Support The Moscow Times!

Russian Bill Seeks to Criminalize News That Leads to International Sanctions


Russian lawmakers are seeking to criminalize the publication of materials that leads to sanctions imposed against the country or individuals, the latest in a host of legislation to tighten control over the flow of information.

Mikhail Emelyanov, a lawmaker for the pro-Kremlin Just Russia party, is proposing amendments to the criminal code to impose a maximum term of five years in prison and fines of 5 million rubles ($77,500) for publishing such materials. A separate bill he submitted would outlaw the “collection, transfer and distribution” of such information.

“It’s expected that these measures will change the paradigm of information exchange: Uncontrolled transfer of information to foreign counteragents will be replaced by a regime providing doses of only necessary and harmless information,” Emelyanov wrote in an explanatory note to the bills.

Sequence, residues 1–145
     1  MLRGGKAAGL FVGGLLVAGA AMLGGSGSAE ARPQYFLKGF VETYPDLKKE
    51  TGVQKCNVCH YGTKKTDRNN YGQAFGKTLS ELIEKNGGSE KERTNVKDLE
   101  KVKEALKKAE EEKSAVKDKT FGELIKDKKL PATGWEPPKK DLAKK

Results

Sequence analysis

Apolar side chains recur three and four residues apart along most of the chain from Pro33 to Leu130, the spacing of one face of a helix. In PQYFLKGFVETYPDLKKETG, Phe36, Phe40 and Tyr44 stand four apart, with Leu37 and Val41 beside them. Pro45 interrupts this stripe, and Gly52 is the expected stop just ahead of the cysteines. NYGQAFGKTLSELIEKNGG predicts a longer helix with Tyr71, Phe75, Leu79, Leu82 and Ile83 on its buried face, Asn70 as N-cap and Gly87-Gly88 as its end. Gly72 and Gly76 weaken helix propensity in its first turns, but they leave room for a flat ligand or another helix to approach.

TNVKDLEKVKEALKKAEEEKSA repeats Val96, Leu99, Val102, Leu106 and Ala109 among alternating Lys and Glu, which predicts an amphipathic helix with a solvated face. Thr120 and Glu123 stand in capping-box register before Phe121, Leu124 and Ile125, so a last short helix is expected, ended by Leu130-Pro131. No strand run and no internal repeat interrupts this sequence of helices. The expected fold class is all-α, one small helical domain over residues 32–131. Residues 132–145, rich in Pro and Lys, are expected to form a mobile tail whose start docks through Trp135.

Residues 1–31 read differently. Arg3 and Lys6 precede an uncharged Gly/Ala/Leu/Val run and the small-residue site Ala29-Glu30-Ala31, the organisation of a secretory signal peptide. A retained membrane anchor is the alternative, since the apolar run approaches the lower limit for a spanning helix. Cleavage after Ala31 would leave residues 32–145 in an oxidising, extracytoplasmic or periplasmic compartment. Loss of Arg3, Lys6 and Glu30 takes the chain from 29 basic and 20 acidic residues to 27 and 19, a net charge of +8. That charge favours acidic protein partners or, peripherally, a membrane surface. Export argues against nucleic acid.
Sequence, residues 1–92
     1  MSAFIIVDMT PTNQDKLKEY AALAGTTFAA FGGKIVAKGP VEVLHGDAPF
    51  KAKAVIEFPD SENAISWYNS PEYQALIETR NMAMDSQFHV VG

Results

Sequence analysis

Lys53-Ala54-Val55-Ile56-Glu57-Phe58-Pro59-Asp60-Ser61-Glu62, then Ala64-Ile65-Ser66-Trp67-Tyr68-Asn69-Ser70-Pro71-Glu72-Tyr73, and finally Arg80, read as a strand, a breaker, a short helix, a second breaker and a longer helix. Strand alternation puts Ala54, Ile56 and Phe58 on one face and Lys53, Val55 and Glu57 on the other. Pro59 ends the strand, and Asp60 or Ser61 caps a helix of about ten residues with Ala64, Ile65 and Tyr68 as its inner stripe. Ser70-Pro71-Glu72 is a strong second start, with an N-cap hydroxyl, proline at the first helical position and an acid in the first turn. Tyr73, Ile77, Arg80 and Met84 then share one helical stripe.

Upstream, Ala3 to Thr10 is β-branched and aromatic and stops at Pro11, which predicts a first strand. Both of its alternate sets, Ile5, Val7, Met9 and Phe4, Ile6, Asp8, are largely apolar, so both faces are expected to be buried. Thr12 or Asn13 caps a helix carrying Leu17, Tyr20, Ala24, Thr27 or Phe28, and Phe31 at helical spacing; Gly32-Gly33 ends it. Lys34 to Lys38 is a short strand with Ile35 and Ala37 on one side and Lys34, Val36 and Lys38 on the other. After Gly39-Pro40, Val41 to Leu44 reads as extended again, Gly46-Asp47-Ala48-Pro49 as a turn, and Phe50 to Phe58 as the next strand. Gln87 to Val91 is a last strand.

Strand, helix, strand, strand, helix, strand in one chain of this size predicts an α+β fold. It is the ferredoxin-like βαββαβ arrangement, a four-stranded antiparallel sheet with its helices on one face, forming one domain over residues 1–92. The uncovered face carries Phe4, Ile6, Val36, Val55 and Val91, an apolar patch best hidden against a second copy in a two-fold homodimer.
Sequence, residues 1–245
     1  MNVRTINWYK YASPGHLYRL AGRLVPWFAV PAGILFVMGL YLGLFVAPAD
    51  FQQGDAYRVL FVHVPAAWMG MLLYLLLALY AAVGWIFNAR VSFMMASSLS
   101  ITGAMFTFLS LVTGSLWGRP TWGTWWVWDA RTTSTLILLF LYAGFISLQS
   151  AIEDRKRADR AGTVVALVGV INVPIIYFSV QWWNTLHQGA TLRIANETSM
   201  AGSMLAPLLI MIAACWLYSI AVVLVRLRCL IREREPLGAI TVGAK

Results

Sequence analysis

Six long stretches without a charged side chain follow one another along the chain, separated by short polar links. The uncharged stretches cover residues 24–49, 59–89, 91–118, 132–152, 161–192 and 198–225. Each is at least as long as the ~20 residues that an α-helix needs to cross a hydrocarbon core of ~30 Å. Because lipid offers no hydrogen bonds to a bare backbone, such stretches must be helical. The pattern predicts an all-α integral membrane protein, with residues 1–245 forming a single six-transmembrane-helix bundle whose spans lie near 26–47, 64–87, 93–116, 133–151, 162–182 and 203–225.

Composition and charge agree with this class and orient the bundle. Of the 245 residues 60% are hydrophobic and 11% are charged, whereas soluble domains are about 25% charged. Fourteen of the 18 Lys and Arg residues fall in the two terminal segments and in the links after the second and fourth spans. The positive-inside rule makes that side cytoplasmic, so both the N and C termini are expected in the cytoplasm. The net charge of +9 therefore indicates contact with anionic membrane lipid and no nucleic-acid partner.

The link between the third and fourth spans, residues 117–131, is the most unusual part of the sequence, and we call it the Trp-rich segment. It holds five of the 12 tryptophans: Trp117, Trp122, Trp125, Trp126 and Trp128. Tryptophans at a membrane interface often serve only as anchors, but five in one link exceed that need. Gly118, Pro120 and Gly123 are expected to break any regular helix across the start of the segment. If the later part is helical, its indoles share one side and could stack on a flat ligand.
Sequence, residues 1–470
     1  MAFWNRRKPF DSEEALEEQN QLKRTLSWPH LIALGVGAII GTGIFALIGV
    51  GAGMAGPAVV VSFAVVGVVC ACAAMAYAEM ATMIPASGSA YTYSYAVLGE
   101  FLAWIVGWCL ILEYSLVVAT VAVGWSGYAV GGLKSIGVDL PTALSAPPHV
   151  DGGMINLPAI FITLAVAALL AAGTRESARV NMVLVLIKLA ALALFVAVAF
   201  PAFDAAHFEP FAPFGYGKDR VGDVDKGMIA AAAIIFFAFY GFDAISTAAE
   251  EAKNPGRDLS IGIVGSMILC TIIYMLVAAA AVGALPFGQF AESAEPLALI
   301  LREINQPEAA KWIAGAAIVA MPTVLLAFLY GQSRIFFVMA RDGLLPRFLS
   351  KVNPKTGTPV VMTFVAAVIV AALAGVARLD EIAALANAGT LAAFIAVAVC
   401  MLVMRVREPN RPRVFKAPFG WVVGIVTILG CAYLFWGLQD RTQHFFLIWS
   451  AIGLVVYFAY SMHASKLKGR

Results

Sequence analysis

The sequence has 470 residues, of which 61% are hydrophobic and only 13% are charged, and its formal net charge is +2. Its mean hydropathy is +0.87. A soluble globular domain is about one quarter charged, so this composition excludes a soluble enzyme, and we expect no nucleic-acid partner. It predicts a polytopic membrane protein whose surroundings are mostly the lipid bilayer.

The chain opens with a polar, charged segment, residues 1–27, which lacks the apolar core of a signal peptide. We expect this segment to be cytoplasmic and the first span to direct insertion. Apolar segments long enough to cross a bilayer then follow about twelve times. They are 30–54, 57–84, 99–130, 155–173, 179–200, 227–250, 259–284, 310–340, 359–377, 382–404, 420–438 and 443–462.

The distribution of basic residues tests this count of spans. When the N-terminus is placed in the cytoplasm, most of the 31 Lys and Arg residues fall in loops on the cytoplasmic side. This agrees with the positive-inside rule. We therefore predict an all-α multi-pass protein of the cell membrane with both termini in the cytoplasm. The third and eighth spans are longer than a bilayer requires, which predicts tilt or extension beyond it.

President Vladimir Putin has steadily tightened restrictions on news and social media, particularly those favored by anti-Putin activists banned from appearing on state television. Putin recently signed laws on punishing online media and individuals with fine or imprisonment for publishing “fake news” or material that’s deemed insulting to government bodies and officials.

Read more

Independent journalism isn’t dead. You can help keep it alive.

As the only remaining independent, English-language news source reporting from Russia, The Moscow Times plays a critical role in connecting Russia to the world.

Editorial decisions are made entirely by journalists in our newsroom, who adhere to the highest ethical standards. We fearlessly cover issues that are often considered off-limits or taboo in Russia, from domestic violence and LGBT issues to the climate crisis and a secretive nuclear blast that exposed unknowing doctors to radiation.

Please consider making a one-time donation — or better still a recurring donation — to The Moscow Times to help us continue producing vital, high-quality journalism about the world's largest country.